2 250 LAW AND CONTEMPORARY PROBLEMS [Vol. 61: No. 4 Could the state then grant the defendant a jury trial, with requirement of proof beyond a reasonable doubt, solely on the question whether he knowingly caused injury to another, but leave it for the judge to determine by a preponderance of the evidence whether the defendant acted intentionally or accidentally, whether he had used a deadly weapon, and whether the victim ultimately died from the injury the defendant inflicted? 3 How does the Constitution resolve this tension? The decisions of the Court have yet to provide an answer. The cases have, however, set out the basic framework for analyzing the constitutional question. The Court has called certain facts the elements of a criminal offense. Elements require all of the Constitution s procedural protections, particularly the government s beyond a reasonable doubt burden of proof and trial by jury. 4 The Court considers other facts to be sentencing factors. Sentencing factors are factual determinations that do not affect the defendant s guilt or innocence, but only the severity of the sentence imposed. The presence of a sentencing factor could increase or decrease the sentence, or affect it in another way, such as by triggering a mandatory minimum sentence. The Constitution s strict procedures for elements of the offense do not apply, by definition, to sentencing factors, which may be determined, for example, by a preponderance of the evidence or by the judge alone. We would expect the Court normally to defer to the legislature on whether a given factual determination is an element of the offense or a sentencing factor for the offense. The question that the tension illustrated by Justice Scalia s hypothetical raises, however, is whether the Constitution ever places a limit on the legislature s power to define a factual determination as an element or as a sentencing factor. Can a fact have such importance that it constitutionally must be considered necessary to the crime, rather than merely relating to the severity of the punishment? The Court s dilemma is that the constitutional answer is unclear, and the possibility of abuse by the legislature is real. In Jones v. United States, 5 a case argued in the 1998 Term, the Court had the opportunity to confront and resolve the elements/sentencing factors constitutional question. With this recent constitutional issue, this note supplements a long history of articles on criminal law, procedure, and sentencing in Law and Contemporary 3. Monge v. California, 118 S. Ct. 2246, 2255 (1998) (Scalia, J., dissenting); cf. McMillan, 477 U.S. at (Marshall, J., dissenting) (describing the risk that bank robbery or assault could be redefined into affirmative defenses); Patterson v. New York, 432 U.S. 197, 223 (1977) (Powell, J., dissenting) (arguing that majority s holding will allow legislatures to redefine elements into affirmative defenses); Mullaney v. Wilbur, 421 U.S. 684, 699 & n.24 (1975) (discussing the risk that the defendant could be required to disprove aggravating facts in murder or assault). 4. For purposes of this note, I will assume that all crimes discussed are nonpetty offenses, for which the right to jury trial is guaranteed by the Constitution in both state and federal criminal trials. See Baldwin v. New York, 399 U.S. 66 (1970) (providing the Sixth Amendment right to jury trial for crimes for which a sentence of more than six months in prison is possible); Duncan v. Louisiana, 391 U.S. 145 (1968) (incorporating under the 14th Amendment full federal constitutional jury trial rights as requirements for state criminal trials) S. Ct (1999).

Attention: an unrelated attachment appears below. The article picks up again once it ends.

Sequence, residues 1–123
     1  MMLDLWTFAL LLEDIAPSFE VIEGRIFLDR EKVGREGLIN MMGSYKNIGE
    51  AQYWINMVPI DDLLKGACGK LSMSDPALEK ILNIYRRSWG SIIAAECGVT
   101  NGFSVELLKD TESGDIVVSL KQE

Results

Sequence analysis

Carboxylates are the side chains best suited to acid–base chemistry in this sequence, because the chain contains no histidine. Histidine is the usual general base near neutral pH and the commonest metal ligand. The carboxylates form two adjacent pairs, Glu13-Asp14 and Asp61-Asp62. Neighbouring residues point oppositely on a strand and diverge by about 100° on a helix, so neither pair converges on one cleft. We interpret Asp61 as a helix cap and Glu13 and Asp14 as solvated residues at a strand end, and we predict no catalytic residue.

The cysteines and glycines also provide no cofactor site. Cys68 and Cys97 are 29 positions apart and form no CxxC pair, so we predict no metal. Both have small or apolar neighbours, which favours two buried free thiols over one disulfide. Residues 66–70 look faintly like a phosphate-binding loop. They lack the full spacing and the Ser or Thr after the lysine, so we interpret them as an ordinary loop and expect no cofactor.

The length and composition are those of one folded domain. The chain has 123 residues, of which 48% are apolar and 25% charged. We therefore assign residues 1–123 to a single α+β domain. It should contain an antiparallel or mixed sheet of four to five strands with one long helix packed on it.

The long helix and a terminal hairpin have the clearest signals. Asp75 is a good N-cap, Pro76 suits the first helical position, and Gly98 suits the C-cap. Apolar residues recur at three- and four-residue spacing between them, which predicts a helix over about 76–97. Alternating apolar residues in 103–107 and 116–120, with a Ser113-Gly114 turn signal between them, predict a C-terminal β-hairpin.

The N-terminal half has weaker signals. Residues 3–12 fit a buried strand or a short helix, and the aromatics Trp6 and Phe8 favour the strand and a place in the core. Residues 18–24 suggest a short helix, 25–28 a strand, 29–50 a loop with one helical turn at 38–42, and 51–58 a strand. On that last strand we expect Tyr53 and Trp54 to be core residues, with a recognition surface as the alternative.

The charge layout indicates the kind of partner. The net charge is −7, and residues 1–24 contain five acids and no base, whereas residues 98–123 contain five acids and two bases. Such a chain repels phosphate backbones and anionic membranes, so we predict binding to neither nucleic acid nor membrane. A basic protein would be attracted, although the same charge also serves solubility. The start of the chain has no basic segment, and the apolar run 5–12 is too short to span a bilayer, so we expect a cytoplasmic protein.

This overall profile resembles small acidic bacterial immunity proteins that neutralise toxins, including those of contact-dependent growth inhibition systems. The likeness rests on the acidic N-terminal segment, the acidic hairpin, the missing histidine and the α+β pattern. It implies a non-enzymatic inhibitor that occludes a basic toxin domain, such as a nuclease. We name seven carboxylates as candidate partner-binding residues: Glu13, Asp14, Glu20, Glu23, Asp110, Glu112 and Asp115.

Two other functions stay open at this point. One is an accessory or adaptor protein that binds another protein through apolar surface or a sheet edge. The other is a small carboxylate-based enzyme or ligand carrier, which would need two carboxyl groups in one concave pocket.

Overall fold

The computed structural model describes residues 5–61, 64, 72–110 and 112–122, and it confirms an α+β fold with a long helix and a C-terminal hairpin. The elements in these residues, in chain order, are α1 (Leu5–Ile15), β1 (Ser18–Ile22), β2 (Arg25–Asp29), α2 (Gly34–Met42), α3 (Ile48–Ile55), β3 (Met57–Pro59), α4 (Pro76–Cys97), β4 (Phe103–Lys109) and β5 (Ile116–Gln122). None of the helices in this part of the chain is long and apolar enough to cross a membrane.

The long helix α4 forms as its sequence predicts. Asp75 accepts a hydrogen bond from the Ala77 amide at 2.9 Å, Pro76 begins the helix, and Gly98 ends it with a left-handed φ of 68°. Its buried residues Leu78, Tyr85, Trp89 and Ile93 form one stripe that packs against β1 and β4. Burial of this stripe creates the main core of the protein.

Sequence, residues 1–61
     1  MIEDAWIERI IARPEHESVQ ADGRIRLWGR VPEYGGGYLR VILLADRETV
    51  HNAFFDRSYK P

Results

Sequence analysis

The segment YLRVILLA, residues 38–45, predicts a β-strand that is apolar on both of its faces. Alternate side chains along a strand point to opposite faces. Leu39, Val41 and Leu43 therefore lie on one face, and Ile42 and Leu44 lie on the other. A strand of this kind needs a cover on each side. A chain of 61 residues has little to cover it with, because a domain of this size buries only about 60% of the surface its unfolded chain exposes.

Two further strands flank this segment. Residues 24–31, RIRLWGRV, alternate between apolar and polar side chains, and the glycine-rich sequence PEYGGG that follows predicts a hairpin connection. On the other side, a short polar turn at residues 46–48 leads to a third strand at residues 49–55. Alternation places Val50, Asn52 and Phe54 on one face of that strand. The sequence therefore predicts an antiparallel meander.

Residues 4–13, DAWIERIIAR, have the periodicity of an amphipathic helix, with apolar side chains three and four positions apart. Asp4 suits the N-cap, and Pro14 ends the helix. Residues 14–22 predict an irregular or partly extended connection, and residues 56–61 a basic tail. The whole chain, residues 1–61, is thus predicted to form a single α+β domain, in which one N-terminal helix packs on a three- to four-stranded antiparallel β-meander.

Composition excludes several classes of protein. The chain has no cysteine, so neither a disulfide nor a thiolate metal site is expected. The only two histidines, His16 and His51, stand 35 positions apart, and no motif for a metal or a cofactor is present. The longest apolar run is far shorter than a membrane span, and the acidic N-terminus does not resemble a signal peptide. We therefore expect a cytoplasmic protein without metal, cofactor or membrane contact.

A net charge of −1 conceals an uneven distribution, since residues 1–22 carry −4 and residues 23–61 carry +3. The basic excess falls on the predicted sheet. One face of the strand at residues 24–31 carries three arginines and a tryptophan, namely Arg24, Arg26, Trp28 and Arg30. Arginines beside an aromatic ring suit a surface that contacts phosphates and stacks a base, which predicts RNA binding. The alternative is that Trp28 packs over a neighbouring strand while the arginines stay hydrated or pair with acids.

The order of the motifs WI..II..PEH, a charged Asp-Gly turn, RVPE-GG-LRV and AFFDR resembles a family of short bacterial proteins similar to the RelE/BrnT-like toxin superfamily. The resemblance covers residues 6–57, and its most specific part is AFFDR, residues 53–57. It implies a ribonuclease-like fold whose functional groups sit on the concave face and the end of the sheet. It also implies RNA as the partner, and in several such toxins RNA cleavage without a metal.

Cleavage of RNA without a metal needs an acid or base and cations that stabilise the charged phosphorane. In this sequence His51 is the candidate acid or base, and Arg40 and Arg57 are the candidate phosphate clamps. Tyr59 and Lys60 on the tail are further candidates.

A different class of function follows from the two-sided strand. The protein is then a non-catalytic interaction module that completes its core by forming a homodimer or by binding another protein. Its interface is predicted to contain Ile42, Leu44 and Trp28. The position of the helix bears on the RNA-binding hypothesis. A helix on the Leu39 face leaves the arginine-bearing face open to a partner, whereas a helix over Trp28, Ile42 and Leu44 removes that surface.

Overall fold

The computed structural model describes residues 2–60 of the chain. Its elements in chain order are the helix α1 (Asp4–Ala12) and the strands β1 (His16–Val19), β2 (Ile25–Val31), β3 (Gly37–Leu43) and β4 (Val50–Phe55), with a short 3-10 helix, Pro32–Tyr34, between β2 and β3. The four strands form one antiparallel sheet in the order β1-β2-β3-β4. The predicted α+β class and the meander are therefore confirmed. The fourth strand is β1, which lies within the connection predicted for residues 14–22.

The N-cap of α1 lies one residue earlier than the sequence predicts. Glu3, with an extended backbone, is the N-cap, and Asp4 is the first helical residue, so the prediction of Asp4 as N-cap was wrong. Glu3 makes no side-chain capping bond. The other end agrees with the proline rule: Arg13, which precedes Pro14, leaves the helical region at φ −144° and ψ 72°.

3 Page 249: Autumn 1998] JONES V. UNITED STATES 251 Problems. 6 The note argues that the Constitution does restrict the power of the legislature by requiring that certain facts be proved as elements of the offense. Part II reviews the historical evolution of the elements/sentencing factors constitutional question. Part III describes seven proposed tests the Court might adopt as solutions to the constitutional dilemma. Part IV turns to the text of the Constitution itself, particularly the provisions relating to trials for crimes. Part V evaluates the proposed constitutional tests to determine which provides the best definition of a crime in the text as a matter of constitutional interpretation. Part VI describes the Court s missed opportunity in Jones to adopt the test proposed by Justice Scalia, which defines a crime for this constitutional purpose as the factual findings used to determine the defendant s maximum possible sentence. The note concludes that this test is the rule the Court should adopt for resolving the elements/sentencing factors constitutional question. II BACKGROUND: THE CONSTITUTIONAL QUESTION EMERGES The constitutional tension posed by the elements/sentencing factors issue has emerged gradually over the last thirty years. A combination of Supreme Court elaboration of constitutional criminal procedure doctrines and legislative developments in sentencing law and procedure generated challenges of unconstitutionality based on grounds that previously had been unused or unavailable. The Court now faces the constitutional question, with little doctrine and few cases directly reaching the issue. Reviewing the evolution of the constitutional question, therefore, is crucial for understanding where the Court now stands and what constitutional rule it should adopt for future cases. For most of our history, the federal criminal code allowed judges great leeway in sentencing convicted defendants. Congress delegated almost unfettered discretion to the sentencing judge to determine what the sentence should be within the customarily wide range. 7 In particular, there were no limitations on what facts the judge could consider at sentencing, nor was any standard of evidence required: Sentencing courts have traditionally heard evidence and found facts without any prescribed burden of proof at all. 8 A judge could impose the greatest sentence available because of mere suspicion about the de- 6. See Symposium, Sentencing, 23 LAW & CONTEMP. PROBS. 399 (Summer 1958); see also, e.g., Symposium, Toward a More Effective Right to Assistance of Counsel, 58 LAW & CONTEMP. PROBS. 1 (Winter 1995); Symposium, Discretion in Law Enforcement, 47 LAW & CONTEMP. PROBS. 1 (Autumn 1984); Symposium, Police Practices, 36 LAW & CONTEMP. PROBS. 445 (Autumn 1971); Symposium, Sex Offenses, 25 LAW & CONTEMP. PROBS. 215 (Spring 1960); Symposium, Crime and Correction, 23 LAW & CONTEMP. PROBS. 583 (Autumn 1958); Symposium, Extending Federal Powers over Crime, 1 LAW & CONTEMP. PROBS. 399 (Autumn 1934). 7. Mistretta v. United States, 488 U.S. 361, 364 (1989). 8. McMillan v. Pennsylvania, 477 U.S. 79, 91 (1986).